The DDD crew reassembled in London last week, two years on from the Harvard meeting that really got the ball rolling. Unfortunately I could only attend the first session and the next day’s post mortem, so other participants, please feel free to add your own impressions/put me right.
DDD is evolving fast into something approaching a big tent movement. At its core are principles of iteration, adaptation, using systems thinking. If you want to know more check out the DDD manifesto and website. See also this great post by Alan Hudson and Dave Algoso, clarifying the areas of overlap and difference between the various movements. Here’s a 4 minute collection of worthies at the Harvard Meeting (including me) trying to define DDD.
The main players are an interesting bunch: a non-exhaustive list includes donors and multilaterals (DFID, World Bank, OECD, UNICEF); thinktanks (ODI); academics (Harvard, Birmingham); specialist institutional reform agencies (AGI); innovation hubs (Reboot, Feedback Labs) and Humanitarian NGOs (IRC, Mercy Corps). Development NGOs are conspicuous by their absence (some thoughts below).
There has been some rapid progress over the last two years, moving rapidly from theory to practice, with lots of pilots and testing going on – I can’t keep up with the output of country case studies, think pieces etc etc. Is DDD just another passing fad? Probably not, because it has not emerged at the whim of some bureaucrat or spin doctor in New York or Washington, but out of lived practice and experience, including the failures of traditional approaches.
The conversations revealed some fascinating challenges, including:
The double edged sword of aid: Parts of DDD have been driven by/are reliant on donor funding, but this is a mixed blessing to put it mildly. Reforming the aid system to make it compatible with DDD is a massive exercise, and means sailing against some powerful headwinds right now. While there are examples of reforms efforts underway in some of the big aid agencies, several speakers argued that it is better to sidestep the official aid system altogether, find support from developing country governments keen to find better ways to drive change, maybe turn to foundations for funding (they are more flexible than official donors). But also ‘if you want to innovate, take a couple of zeroes off’, in the words of a Brazilian mayor. DDD requires skills like facilitation to identify problems and convene lots of different players to solve them, and lots of time, but big money is often neither necessary nor particularly helpful. Getting beyond aid would also help get beyond the increasingly redundant North-South division – governments and other players everywhere want to do this stuff.
How state-centric should DDD be? A lot of the thinking behind it (see books by Matt Andrews, Brian Levy and others) springs from a rethink of previous failed attempts to improve the quality of governance. Although DDD draws quite a bit from private sector approaches e.g. agile technology, management theory (e.g. for problem identification), some of the most dynamic DDD practitioners, like Harvard’s Building State Capability programme, use them to improve effortst to reform governments. It would be helpful to clarify which aspects of the DDD agenda copy across to working on private sector, civil society or other non-state actors.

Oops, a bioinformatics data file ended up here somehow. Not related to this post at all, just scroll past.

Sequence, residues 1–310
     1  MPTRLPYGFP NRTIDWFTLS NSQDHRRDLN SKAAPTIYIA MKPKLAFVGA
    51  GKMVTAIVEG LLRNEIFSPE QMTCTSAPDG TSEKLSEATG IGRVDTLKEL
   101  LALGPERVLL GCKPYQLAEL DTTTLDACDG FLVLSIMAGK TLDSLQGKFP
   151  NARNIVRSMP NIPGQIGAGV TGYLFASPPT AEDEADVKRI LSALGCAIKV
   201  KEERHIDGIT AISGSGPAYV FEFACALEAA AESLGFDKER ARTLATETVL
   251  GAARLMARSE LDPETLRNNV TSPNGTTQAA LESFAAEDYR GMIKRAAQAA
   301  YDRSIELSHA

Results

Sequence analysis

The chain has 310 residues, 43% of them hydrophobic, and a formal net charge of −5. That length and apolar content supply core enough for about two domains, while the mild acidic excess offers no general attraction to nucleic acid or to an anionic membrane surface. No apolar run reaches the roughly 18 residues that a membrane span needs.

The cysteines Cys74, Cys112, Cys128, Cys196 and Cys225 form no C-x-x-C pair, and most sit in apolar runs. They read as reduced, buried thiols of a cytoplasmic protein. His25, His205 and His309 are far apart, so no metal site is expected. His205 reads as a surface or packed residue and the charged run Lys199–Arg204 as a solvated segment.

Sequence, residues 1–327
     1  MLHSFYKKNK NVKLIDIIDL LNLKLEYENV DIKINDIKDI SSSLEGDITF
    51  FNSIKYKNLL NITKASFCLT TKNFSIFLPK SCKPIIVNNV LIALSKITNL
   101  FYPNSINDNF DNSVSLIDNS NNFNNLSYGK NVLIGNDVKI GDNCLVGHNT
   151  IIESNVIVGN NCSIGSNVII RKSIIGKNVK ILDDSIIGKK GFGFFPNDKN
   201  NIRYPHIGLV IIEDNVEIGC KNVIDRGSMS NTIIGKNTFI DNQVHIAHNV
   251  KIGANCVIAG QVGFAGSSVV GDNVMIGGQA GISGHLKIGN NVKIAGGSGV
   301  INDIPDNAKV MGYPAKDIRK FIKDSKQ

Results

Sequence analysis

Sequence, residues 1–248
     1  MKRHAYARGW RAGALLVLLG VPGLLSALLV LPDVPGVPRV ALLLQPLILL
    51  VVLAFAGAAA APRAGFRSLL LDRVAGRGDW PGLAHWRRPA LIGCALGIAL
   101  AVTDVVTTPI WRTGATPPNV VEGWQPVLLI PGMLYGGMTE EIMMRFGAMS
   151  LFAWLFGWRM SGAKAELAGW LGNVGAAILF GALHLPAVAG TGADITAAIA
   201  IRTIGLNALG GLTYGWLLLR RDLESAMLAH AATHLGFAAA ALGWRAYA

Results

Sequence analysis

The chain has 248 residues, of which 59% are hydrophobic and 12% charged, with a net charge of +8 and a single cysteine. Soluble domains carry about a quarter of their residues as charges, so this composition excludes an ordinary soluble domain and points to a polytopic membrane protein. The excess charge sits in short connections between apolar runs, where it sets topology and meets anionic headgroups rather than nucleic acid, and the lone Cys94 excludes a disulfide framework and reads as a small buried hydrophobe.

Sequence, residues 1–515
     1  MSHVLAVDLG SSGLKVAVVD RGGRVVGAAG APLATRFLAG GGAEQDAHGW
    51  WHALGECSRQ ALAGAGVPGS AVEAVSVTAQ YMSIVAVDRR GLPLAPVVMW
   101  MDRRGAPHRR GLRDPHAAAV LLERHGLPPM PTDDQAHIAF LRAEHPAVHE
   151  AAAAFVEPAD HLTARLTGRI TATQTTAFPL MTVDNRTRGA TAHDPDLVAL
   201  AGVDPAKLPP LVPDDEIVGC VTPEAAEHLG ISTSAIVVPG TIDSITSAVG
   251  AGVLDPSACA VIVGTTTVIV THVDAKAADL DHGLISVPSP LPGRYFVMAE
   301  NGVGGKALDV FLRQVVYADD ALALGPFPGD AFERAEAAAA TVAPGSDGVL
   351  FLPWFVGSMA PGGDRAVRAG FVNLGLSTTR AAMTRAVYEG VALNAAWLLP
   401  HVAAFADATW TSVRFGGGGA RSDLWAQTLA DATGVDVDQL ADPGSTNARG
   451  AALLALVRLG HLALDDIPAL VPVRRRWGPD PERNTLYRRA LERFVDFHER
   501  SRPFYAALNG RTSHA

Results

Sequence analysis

This is particularly important in working out how DDD works when states are predatory or hostile to reform – an area that is only going to increase in importance for the aid and development sector. Part of the answer there is likely to involve an increased role for non-state actors.
Where are the INGOs in all this? The humanitarians are stepping up, perhaps because they are more used to working in an adaptive, flexible way in response to more unpredictable, chaotic situations, but the development NGOs seem largely absent and/or silent. Oxfam and other INGOs are doing lots of interesting things in this area, though we don’t brand them as DDD – multi-stakeholder initiatives, convening and brokering, trying to encourage innovation, redefine success (eg by learning how to ‘count what counts’ – women’s empowerment, influencing) and make more use of real-time evaluation. But all too often, in practice this runs up against the pressures of competitive funding bids, which push us to drop all the fancy stuff and stick to plain vanilla, linear projects. DDD requires advanced project management skills, when in many countries it’s hard enough to find the basics. And most baffling and frustrating of all, the many one-off examples of innovation and DDD, usually down to some entrepreneur or maverick who has managed to slip in below the radar, rarely seem to spread.
I wondered if this was because INGOs are too big for the small things (taking supertankers white-water rafting) but also too small for the big things (big service providers like Palladium managing massive donor grants, with the capacity and permission to try out DDD, less subject to the strictures of the ‘sticky middle’ of middle managers with their logframes and best practice guidelines)?
Overall, the conversations left me very excited. Visions of dispersed networks of DDD thinkers and facilitators (mainly local), working with local governments, civil society organizations, private sector groups and others to get change processes up and running. What costs there are could be covered by a combination of those using the service, and top ups from suitably flexible forms of aid (eg funding facilities for DDD processes, potentially a ‘switchboard’ or server to matchmake between demand and supply, peer to peer networks of reformers supporting each other). Cool stuff, and I think more organizations and individuals need to get on board.